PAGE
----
Getting Started With Your Arduino Starter Kit – Installing Drivers & Setting Up The Board & Port

James Bruce 25-11-2011

arduino starter kitSo, you’ve bought yourself an Arduino starter kit What’s Included In An Arduino Starter Kit? [MakeUseOf Explains] I have previously introduced the Arduino open-source hardware here on MakeUseOf, but you’re going need more than just the actual Arduino to build something out of it and actually get started. Arduino "starter kits" are... Read More , and possibly some other random cool components 8 More Cool Components For Your Arduino Projects So, you're thinking about getting an Arduino starter kit, but wondering if some basic LEDs and resistors is going to be enough to keep you busy for the weekend? Probably not. Here are another 8... Read More – now what? How do you actually get started with programming this Arduino thing What Is Arduino & What Can You Do With It? The Arduino is a remarkable little electronics device, but if you've never used one before, just what exactly are they, and what can you do with one? Read More ? How do you set it up and upload some code? Read on and I’ll explain all.


I’m going to assume you have an Arduino Uno board, because that’s the one that comes with most Arduino starter kits.

Installing Drivers

Mac OSX:

You have it easy on a Mac. Just download the latest Arduino package, mount it, then run the included FTDIUSBSerial Driver. When thats done, drag the application to your applications folder. You’ll need to restart though to get the new drivers to kick in.

arduino starter kit

When you first plug in the Arduino, OSX will tell you it’s detected a new interface. Just click Network Preferences and hit Apply – there is no configuration to do there.

Windows 7

Nothing is ever easy in Windows, especially when it involves drivers. Start by downloading the latest package and unzipping it, preserving the folder structure. It’s quite a large download – 85MB when I checked, fully expanding to 230MB, so it may take a while to download.


Plug in the Arduino with the included USB cable. It may try to search for drivers, but fail. Just close down the wizard and open up the device manager. The quickest way to do this instead of trying to navigate Windows’ confusing set of Control Panel multilevel menus, is just to click start, and type in devmgmt.msc . Hit enter and you’ll open the device manager directly.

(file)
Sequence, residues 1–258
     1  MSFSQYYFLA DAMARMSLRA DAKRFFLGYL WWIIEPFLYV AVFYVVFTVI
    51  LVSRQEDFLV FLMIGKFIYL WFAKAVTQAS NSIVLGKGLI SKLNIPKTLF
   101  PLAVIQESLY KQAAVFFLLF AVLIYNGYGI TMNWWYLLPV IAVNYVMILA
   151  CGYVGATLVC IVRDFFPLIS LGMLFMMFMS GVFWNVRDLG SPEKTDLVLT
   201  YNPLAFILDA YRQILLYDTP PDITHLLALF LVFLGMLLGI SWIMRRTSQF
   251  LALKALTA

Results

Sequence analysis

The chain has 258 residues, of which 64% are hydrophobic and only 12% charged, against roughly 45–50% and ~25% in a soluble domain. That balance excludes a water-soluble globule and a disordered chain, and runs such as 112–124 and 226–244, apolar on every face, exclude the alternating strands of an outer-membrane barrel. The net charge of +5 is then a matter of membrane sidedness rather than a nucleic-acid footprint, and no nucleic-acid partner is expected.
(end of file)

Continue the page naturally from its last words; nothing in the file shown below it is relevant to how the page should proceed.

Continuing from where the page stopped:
arduino kit

Under Other Devices you should see an Arduino Uno listed, with one of those yellow “problem” marks. Double click, select Update Drivers, and choose Browse My Computer for Driver Software.

arduino kit


Choose the options of Let Me Choose a Driver, click All Devices, Have Disk, and navigate to the download folder. In the drivers folder, you should see an Arduino Uno file. Choose that. The driver install process will recognise it as a “Communications Port”, and will cause an “unsigned driver error” to appear when you install. Ignore that, and install anyway.

arduino kit

If you’re using XP, the process is a bit more involved and involves two sets of drivers. Read the full instruction set on the Arduino page.

Set Up The Board & Port

Launch the Arduino application from either the download folder or the applications folder. The first thing we need to do is to set up the port and board. On either system, you should have a tools menu. Click that and make sure that:

    • A matching board is chosen. The Uno is the default and was already selected on my installation, but it’s always good to check.
    • The serial port is chosen correctly. On Windows, I found I only had one option (see the screenshot) and it was unselected, so the choice wasn’t difficult.


    • On a Mac, the port names are a little more convoluted, but basically it’ll be in one of the two USB ports listed. cu-USB was the correct choice on my machine, but it may be different for you.


Test It

Let’s take a quick look at the toolbar.



From left to right:

Play symbol: This compiles your code to check it without actually uploading it to the Arduino, but clicking the upload button will perform this too.
Stop symbol: This will stop the COMPILE of your program, not stop any running application already uploaded to the Arduino.